| By Catherine DiMercurio |
For people who love to read, a book is a sacred object. Many book lovers have some form of e-reader, and might acknowledge its convenience when traveling, for example, but most have not, and will not, eschew the pages of an actual, printed book. There is just something about the smell of printed pages, that crisp crackle of the spine as you open the book, the feel of the paper between your fingers as you eagerly devour paragraph after paragraph.
Betrayed by the Book
The tactile relationship we readers have with books, and the emotional one we have with reading, can sometimes become jeopardized. Maybe we are younger readers making the transition from middle grade books to young adult works. Gone is the white space, the large font, gone are the pages that are easy to take in so that we can absorb each word, one at a time. Our ability to remember plot, characters, and themes is tied to how we perceive and recall the words on the page. Transitioning to young adult books from middle grade texts can be frustrating for many young readers who struggle with reading and comprehension, and it can often drive away students who once loved books. Or, maybe we are older readers (or readers who are reluctant to regard themselves that way). We are reaching for the misplaced pair of reading glasses more and more, or we’ve had to use them all day long as we stare at computer screens in cubicles lit by fluorescent glare. All we want is to slip the specs off and page through a book without getting a headache.
When reading becomes a painful, exhausting struggle, it is easy to feel not only frustrated but almost betrayed. What was once a source of comfort becomes an obstacle. The place we turned to as stress relief, as a means of escape, is now fraught with roadblocks – tiny words in blurry formations that we must strain to see. Our energies are so tied up with physically focusing that our concentration, and our engagement, flags. With the connection to the text we once prized now so fraught, we often give up.
The Perks of Large Print
Much research has been done on the topic of large print books and the benefits they offer. (Check out Gale’s recent blog post that summarizes some of these benefits for young adult readers, and this earlier assessment about the benefits of large print by Suzanne Neumann, writing for the YALSA [Young Adult Library Services Association], a division of the American Library Association.) Beyond the data though, a recent Thorndike testimonial puts into perspective that the issue is about more than the challenges faced by readers at one end or the other of the age spectrum. Being able to once again read a book – after that singular joy has been taken away from you – is about wellness and quality of life.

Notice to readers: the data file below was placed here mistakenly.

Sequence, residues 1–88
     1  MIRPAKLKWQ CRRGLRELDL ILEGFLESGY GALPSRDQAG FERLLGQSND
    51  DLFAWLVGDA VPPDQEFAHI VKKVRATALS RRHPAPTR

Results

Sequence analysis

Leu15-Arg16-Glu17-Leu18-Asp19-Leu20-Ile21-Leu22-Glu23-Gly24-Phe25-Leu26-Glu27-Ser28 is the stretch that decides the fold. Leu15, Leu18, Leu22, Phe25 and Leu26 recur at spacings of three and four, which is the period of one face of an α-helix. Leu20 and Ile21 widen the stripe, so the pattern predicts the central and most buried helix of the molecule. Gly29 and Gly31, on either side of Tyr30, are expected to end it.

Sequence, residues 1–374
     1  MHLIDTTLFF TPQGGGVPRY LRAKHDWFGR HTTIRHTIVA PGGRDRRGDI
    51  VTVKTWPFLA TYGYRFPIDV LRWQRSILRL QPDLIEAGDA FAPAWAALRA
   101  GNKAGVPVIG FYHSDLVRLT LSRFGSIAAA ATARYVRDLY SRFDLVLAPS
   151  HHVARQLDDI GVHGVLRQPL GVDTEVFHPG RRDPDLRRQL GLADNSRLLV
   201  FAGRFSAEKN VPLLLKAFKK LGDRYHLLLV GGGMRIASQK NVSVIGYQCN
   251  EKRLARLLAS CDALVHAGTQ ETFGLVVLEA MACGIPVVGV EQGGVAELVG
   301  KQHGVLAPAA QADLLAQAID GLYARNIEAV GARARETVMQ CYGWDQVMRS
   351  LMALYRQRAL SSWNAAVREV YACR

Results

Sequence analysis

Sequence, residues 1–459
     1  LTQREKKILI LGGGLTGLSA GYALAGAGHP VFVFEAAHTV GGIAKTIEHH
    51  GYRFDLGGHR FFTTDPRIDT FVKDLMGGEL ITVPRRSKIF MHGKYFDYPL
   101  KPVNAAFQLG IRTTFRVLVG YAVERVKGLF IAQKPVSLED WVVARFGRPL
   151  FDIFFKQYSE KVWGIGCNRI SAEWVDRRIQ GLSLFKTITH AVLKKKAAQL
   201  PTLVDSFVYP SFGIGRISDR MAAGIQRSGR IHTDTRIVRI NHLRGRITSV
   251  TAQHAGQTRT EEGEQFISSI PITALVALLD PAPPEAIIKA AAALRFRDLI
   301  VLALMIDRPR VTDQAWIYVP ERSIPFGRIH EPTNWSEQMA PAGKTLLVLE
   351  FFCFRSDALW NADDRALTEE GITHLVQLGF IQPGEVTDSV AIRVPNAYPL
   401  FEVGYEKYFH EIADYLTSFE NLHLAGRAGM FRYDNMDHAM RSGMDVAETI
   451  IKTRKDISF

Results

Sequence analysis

Sandy, a librarian, recently wrote to Thorndike Press to share her story. She tells of the day she and her friend, out on a morning walk, were hit by a truck. Both survived, but Sandy endured severe damage to her left foot, in addition to a fractured skull and a traumatic brain injury. Sandy had been an avid reader, but after the accident, she describes her experience with reading in this way: “I could barely read a paragraph without getting a blinding headache. I could not concentrate or remember any detail of what I read. I was easily confused and distracted while reading. Reading had changed from being a relaxing pleasure to a serious challenge. It was terrifying.”
Sandy was able to return to work about a year after the accident; she found salvation in large print books. Though she could only focus on a page at a time, she found that she could read for short periods. She built on small victories and was finally able to read a book cover to cover once again. Sandy states, “I am so grateful for the progress I’ve made with my reading ability and memory. Large print books played a major role in this healing process. I am once again able to enjoy my favorite hobby.”
There are a lot of people who struggle with their sight, and therefore with reading printed words. According to the 2010 U.S. Census report “Americans with Disabilities: 2010”, there are over 6 million adults aged 15 or older with “non-severe” visual impairment, who have “difficulty seeing words and letters in ordinary newsprint, even when wearing glasses or contact lenses” (“severe” difficulty was defined as “being blind or unable to see the words and letters at all.”) About 321,000 children under the age of 15 also fall into the “non-severe” category. That is a lot of readers, a lot of people who, at one time or another, may grow so frustrated with the struggle to focus on the printed word that they give up on reading. Books unread are dreams undreamed, journeys not taken, lessons not learned, connections that remain unmade. That’s where Thorndike comes in. Large print to the rescue!